Married to her prince at last, Cinderella was presented with a glass crown, in honour of her famous slipper. A week later, after the courtiers had laughed merrily at gifts of a glass throne, a glass dining table, and a matching set of glass cutlery, Cinders bought herself a sledgehammer.
Mark Farley writes novels, flash fiction and the occasional poem. See more at mumbletoes.blogspot.com.
Over coffee, an op-ed writer quizzed his newspaper’s sports reporter.
“It would have been a great Cinderella story if only that promising filly you told me about could have won her maiden race. She started as an odds-on favorite, yet she finished last. What went wrong?”
“She threw a shoe.”
John H. Dromey has a 100-word story “Twelve O’Clock Hijinks” online in the Spring/Summer (Issue No. 19) of Quantum Fairy Tales.
Editor: Now I’m just wondering whether there could be any worse invention than a set of glass horseshoes.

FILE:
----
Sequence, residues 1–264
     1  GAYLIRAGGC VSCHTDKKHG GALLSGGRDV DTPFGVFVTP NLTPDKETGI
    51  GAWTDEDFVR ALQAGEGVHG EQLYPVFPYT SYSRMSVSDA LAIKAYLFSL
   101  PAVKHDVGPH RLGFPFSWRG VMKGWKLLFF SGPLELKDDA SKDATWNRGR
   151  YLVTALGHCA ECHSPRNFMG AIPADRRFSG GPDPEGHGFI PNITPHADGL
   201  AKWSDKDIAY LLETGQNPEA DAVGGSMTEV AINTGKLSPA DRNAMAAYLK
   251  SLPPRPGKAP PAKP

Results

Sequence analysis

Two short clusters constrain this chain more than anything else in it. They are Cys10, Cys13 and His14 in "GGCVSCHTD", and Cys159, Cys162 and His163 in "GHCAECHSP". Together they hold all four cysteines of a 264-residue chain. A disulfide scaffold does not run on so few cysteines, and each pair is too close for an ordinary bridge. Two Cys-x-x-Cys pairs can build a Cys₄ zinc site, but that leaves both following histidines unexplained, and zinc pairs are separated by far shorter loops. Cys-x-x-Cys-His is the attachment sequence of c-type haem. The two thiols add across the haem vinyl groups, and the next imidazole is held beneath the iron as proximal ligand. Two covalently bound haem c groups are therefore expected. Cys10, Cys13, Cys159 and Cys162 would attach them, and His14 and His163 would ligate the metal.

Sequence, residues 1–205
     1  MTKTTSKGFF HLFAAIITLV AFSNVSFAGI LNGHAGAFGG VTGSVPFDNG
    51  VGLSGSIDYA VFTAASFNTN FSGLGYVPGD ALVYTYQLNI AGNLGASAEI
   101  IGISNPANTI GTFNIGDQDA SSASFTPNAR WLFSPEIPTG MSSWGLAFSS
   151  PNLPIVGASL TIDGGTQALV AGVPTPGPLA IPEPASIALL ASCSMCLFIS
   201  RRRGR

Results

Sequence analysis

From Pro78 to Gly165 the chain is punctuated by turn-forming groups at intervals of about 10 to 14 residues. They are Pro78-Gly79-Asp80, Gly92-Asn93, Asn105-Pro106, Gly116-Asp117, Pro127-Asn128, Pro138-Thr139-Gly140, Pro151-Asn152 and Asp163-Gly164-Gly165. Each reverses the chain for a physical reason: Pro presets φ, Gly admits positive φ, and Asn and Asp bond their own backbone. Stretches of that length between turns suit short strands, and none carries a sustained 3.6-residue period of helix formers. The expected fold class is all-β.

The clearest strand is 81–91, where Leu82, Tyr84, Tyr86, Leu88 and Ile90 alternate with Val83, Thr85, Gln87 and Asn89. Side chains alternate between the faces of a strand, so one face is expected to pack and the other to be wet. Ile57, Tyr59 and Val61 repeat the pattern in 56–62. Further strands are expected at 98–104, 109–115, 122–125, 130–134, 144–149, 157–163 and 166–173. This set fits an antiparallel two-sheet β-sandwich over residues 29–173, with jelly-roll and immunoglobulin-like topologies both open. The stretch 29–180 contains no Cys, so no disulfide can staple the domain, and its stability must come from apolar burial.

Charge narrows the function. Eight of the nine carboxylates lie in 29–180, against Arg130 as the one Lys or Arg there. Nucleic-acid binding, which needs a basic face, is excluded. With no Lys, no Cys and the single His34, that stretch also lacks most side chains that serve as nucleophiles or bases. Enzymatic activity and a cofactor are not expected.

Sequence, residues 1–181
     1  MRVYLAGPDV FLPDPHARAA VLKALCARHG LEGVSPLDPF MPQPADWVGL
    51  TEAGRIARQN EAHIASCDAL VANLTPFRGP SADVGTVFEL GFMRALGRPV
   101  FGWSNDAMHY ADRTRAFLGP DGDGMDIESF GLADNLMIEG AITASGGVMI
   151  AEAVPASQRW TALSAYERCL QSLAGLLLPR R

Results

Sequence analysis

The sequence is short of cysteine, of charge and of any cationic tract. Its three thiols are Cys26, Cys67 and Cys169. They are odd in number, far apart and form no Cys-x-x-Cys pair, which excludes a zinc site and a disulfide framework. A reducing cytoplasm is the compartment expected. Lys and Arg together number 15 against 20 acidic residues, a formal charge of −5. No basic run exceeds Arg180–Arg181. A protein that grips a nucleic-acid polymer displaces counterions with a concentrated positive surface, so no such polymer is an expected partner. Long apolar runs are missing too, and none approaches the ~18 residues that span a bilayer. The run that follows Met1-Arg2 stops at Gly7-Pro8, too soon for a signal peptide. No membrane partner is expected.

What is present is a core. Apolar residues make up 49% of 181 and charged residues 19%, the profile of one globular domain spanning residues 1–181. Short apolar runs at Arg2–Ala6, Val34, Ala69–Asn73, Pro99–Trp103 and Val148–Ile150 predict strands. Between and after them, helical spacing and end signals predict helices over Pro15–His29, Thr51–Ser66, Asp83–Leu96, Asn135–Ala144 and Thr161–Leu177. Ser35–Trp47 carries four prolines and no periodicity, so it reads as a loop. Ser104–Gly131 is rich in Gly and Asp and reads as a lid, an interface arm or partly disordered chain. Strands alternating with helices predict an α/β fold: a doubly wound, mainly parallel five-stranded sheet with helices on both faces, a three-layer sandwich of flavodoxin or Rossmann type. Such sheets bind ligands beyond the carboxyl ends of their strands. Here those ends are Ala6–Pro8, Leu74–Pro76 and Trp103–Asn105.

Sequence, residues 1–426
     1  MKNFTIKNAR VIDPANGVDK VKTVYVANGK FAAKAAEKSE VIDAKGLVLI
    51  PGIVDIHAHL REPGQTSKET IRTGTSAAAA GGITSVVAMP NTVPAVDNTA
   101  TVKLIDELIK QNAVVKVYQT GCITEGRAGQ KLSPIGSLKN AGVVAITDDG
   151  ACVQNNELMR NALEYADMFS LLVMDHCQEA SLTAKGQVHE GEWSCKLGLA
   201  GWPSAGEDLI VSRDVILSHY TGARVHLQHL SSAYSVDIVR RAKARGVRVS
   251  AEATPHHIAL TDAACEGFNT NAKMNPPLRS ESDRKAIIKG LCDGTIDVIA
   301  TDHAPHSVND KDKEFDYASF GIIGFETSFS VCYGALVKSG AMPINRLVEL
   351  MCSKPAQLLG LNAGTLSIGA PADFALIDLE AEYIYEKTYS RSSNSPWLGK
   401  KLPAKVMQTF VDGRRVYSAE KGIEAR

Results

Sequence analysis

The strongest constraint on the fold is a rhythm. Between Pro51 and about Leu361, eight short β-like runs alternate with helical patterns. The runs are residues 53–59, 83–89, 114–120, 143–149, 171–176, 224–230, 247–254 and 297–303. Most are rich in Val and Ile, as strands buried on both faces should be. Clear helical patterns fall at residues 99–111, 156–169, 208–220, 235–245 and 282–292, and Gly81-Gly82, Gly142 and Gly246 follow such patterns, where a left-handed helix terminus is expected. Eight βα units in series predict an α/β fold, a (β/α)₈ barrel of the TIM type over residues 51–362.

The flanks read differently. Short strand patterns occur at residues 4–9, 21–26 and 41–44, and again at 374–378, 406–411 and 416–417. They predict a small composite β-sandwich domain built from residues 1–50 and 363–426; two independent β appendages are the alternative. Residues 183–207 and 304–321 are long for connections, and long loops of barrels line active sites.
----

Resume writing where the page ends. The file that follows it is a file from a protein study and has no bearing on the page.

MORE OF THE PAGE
Cinderella gazed awestruck as her fairy godmother turned the pumpkin into a gold and silver carriage. Two little mice became magnificent stallions. She gathered her skirts.
And as the footman, formerly a toad, helped her up the steps, she said “I just want to stay home and finish my book.”
Penny Jo McAllister is a freelance writer who enjoys books more than balls.
I swirl, dip, leap and step,
To the rhythmic, rolling, reverberating melody,
Of gleaming copper, and polished bronze;
A shivering note, long held in the air.
The deep, monotonous, shivering song,
of shining, gleaming, chiming bells.
I must leave before the twelfth gong.
Prepare my pumpkin.
I lost my shoe.
Ellen is a 12-year-old student at Crofton House. She enjoys making puns.
You like my shoes? My silver dress, too? Thanks, they’re new.
Don’t dance, no I don’t, just here with some friends. Go dance with her. You did before. Not your type? So not my problem.
Puhleez, don’t “soul mate” me. We just met.
Wanna meet the nine-mil in my bag?
Joey doesn’t dance. He doesn’t wear dresses either.